Mr. Speaker, I rise today on a question of privilege.
On Tuesday, November 20, 2007, my office received a call from a researcher at the Library of Parliament who asked “whether Mr. Boshcoff is travelling this week?”.
The researcher would not provide additional information regarding his request which led my assistant to call the Library of Parliament inquiries department.
An assistant at the inquiries desk explained to my assistant that the researcher was performing his duties in response to a request by a parliamentarian for the following information: one, is there a registry of member of Parliament activities such as committee travel or parliamentarian travel; and two, specifically, is Mr. Boshcoff travelling this week?”.
Mr. Speaker, I must protest this deliberate misuse of parliamentary privileges by the parliamentarian in this issue.
The Library of Parliament's resources should not be misused by any parliamentarian in such a way as to cloak such blatant partisan spying under the cover of parliamentary business.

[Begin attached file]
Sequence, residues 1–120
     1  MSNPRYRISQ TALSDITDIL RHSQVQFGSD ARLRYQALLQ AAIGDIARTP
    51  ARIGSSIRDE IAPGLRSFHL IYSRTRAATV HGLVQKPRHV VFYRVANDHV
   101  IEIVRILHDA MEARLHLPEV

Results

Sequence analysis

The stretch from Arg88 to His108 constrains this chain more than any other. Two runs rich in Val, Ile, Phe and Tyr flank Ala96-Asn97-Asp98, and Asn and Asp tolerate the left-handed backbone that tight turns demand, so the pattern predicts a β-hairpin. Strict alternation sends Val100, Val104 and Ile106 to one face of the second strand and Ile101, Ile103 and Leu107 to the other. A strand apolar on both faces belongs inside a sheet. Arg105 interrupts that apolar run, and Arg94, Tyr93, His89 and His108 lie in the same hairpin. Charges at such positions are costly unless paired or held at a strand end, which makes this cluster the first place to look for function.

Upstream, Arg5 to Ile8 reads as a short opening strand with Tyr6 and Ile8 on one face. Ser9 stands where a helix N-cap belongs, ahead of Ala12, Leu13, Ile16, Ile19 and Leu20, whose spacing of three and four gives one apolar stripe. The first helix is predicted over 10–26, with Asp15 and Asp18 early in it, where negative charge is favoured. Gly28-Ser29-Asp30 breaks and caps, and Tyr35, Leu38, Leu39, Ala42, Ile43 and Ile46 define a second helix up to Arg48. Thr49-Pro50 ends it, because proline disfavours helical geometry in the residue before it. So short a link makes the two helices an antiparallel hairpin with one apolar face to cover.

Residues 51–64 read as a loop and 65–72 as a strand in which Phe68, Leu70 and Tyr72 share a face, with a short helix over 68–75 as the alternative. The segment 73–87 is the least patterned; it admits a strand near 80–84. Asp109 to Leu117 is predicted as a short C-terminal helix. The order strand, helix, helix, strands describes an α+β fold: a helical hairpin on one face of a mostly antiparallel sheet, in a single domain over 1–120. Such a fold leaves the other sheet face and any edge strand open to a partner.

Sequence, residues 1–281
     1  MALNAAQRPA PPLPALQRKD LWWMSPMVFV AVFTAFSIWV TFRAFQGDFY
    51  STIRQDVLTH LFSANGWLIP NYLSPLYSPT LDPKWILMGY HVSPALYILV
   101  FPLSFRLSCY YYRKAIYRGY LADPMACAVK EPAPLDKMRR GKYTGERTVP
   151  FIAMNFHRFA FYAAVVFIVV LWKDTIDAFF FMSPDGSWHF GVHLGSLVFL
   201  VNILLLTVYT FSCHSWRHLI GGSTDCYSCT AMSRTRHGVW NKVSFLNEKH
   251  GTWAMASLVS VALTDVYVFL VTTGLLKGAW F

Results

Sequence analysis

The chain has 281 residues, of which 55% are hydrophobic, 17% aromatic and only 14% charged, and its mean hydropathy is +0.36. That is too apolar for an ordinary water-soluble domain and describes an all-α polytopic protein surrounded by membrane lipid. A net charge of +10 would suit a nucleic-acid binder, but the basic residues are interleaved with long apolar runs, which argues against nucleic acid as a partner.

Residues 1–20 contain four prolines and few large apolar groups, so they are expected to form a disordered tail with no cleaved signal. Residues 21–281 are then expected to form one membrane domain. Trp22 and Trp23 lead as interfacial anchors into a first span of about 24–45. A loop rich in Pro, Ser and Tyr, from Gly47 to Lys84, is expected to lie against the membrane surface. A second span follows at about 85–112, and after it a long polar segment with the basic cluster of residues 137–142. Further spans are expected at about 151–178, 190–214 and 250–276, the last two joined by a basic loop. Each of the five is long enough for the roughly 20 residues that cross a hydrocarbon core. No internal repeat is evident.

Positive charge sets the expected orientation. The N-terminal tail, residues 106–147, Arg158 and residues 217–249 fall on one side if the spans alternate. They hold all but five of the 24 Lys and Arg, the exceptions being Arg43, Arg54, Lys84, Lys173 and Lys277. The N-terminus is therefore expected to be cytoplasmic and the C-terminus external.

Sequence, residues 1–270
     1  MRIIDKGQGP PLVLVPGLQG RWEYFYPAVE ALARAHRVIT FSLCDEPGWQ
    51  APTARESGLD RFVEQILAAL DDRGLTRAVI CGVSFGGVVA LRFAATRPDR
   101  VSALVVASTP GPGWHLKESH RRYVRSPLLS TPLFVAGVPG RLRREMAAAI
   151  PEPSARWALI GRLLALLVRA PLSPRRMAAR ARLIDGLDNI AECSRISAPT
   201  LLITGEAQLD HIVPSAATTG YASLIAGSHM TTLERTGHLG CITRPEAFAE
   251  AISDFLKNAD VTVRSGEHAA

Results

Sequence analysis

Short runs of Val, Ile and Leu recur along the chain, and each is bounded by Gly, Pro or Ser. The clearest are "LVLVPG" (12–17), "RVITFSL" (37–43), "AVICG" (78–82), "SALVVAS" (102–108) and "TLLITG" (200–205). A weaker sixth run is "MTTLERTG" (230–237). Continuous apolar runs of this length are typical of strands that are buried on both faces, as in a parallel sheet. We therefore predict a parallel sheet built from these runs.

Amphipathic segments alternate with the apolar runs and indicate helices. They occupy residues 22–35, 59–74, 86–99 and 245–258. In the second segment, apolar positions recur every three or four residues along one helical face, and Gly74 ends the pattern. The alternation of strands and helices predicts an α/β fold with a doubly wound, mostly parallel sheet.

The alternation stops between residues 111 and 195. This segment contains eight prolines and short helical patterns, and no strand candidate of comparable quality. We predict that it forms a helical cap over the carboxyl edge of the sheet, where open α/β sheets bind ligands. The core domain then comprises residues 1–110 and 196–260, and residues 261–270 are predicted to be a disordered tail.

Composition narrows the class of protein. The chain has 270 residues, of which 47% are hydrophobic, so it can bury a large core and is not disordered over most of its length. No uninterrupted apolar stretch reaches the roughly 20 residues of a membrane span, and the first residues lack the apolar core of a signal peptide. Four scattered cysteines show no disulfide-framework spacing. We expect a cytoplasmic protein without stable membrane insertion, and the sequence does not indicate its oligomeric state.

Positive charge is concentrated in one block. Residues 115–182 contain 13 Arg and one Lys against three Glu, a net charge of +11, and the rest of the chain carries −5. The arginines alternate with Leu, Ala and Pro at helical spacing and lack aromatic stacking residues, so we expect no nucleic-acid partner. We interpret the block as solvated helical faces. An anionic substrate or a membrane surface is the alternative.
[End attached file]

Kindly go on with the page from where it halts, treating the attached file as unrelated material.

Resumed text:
Please know for the record, I am not faulting the staff of the Library of Parliament. I am very concerned about the effect of this request on my ability to perform my duties as a member of Parliament.
I interpret this action as a form of intimidation; a tactic that takes away my freedom to act in the best interests of my constituents; and a tactic that makes me believe I am under some form of surveillance. Clearly, any member of Parliament would find it very difficult to perform his or her duties under such duress.
In our parliamentary system there are publicly accountable reporting procedures and I completely agree and support these, but this is clearly something that no MP should have to face.
I therefore ask, Mr. Speaker, that this subject matter be referred to the Standing Committee on Procedure and House Affairs to determine which parliamentarian is so blatantly abusing the resources of Parliament in an attempt to intimidate me and to ensure that suitable action is taken to address this grievous action.
Should you rule, Mr. Speaker, that this is a prima facie case of privilege, I would be prepared to move the appropriate motion.